Throughout the Roaring 20s many criminal activities had taken place in the United States, such as: World Series Fixing, bootlegging and speakeasies, police complicity in crime, and the Teapot Scandal. The roaring 20s was an era where both employment rate and the amount of leisure time increased. As a family’s income grew, more time was spent for leisure activities such as sports, music, and literature. However, the sport baseball had become such a disappointment for both the baseball players and the public. In the beginning of the 1920s World Fixing took place.
During the 1920s multiple criminal activities were taking place and the majority of illegal activity was due to the eighteenth amendment which prohibited the selling and manufacture of alcohol. Illegal activity that took place was bootlegging and the establishment of speakeasies. With criminal activity on the rise, a major criminal behind many illegal activities at the time was Al Capone. In addition, the Mafia rose with gambling, bootlegging, and illegal marketing.
There were many stories told about outlaws and lawmen during the 1800s in America, and many of them originated from the “Wild West.” There have been stories and legends about people who robbed banks, committed homicide, or threw wanted criminals in jail. Often, people would stretch the truth of what westerners actually did, to make their tale more compelling. The same goes for a popular stagecoach driver of the mid 1800s, a man named Charley Parkhurst, who is best known for being a woman disguised as a man.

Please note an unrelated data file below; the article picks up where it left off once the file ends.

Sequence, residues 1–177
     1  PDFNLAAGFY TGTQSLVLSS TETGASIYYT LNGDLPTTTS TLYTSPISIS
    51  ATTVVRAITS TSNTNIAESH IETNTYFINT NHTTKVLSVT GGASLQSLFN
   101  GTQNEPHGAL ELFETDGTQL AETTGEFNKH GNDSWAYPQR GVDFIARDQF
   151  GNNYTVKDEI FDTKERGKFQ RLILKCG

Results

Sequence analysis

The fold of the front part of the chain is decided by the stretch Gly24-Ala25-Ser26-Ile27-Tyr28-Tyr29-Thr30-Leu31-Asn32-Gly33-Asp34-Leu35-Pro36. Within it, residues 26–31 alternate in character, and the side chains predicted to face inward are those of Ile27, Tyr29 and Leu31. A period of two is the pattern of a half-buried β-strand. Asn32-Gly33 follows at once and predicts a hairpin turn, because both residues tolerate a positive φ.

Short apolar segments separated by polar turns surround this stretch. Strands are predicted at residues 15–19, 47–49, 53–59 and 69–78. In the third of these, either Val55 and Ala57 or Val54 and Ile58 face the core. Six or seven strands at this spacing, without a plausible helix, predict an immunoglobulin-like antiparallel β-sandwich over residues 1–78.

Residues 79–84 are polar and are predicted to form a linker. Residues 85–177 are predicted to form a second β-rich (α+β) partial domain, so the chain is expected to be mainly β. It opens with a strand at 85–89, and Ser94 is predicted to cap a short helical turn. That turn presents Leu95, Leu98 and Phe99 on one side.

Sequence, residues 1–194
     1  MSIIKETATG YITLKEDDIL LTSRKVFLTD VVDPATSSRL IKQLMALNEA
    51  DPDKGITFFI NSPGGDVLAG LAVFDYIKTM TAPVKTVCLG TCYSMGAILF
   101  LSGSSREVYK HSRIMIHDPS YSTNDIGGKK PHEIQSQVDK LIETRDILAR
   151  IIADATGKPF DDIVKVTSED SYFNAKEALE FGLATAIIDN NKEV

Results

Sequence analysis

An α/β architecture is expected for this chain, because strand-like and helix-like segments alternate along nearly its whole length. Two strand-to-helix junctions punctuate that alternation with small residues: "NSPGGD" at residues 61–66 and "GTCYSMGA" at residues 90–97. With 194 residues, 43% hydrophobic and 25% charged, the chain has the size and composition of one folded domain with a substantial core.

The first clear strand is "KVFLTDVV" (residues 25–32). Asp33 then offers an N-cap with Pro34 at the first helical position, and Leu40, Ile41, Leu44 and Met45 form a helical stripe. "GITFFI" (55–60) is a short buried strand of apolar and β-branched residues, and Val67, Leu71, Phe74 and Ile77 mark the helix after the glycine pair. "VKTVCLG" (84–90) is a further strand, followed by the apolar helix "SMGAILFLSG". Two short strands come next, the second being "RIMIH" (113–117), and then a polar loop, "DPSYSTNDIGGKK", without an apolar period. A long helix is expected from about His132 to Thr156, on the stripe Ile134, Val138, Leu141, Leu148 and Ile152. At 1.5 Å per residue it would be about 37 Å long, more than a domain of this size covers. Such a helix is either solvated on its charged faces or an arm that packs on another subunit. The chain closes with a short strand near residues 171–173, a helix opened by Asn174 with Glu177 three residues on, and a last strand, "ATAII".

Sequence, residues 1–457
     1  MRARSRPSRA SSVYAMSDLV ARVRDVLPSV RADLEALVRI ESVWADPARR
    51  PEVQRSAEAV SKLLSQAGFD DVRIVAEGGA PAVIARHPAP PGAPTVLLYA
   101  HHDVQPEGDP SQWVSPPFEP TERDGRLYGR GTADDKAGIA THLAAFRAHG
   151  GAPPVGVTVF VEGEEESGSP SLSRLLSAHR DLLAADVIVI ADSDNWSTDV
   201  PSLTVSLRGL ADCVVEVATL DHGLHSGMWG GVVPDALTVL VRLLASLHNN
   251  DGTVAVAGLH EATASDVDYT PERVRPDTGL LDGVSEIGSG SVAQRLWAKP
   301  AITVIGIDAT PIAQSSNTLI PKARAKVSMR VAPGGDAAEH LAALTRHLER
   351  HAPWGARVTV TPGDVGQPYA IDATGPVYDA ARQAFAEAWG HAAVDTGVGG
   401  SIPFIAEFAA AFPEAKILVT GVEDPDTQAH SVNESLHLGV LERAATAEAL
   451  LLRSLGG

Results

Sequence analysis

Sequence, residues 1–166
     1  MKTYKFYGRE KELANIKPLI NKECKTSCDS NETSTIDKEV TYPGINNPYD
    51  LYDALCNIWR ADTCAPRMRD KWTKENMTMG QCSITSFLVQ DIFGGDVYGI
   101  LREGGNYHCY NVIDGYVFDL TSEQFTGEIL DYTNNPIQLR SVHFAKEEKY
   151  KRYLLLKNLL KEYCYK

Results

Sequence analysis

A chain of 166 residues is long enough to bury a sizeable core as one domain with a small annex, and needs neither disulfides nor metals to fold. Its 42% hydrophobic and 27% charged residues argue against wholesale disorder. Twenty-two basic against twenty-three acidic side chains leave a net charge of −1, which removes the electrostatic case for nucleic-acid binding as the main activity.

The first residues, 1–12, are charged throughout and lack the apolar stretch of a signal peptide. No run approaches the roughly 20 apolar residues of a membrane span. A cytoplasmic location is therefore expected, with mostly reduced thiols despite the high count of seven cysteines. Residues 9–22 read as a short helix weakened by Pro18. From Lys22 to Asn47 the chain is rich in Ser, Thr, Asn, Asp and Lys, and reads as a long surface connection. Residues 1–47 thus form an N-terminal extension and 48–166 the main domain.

During the 1920’s gang related crime was a serious issue. The leader of all this violence and corruption was a man named Al “Scarface” Capone (“Al Capone”). This organized crime, dehumanization, and corruption, became the ultimate image of Chicago for people throughout the world. He was largely immersed in things like gambling, prostitution, and the illegal sale of liquor. He was not convicted for any of his crimes, even the St. Valentine's Day massacre of 1929, until he was imprisoned for tax evasion (Horan).
Ryan Bassil (2013) has argued that director Baz Luhrmann has completely missed the depiction of how F. Scott Fitzgerald wrote his novel, The Great Gatsby. As the era enjoyed social vitality, artistic and cultural dynamism, it gave rise to the name “The Roaring ‘20’s in America (IIE,2016:19), which was a time of wealth, and seemingly endless possibilities. This essay will therefore repudiate why Bassil’s statement is flawed and why Luhrmann’s personal style or aesthetic, his materials and the diegesis enhances the fortunes of the characters and intrigues his viewers and therefore augments the film entirely.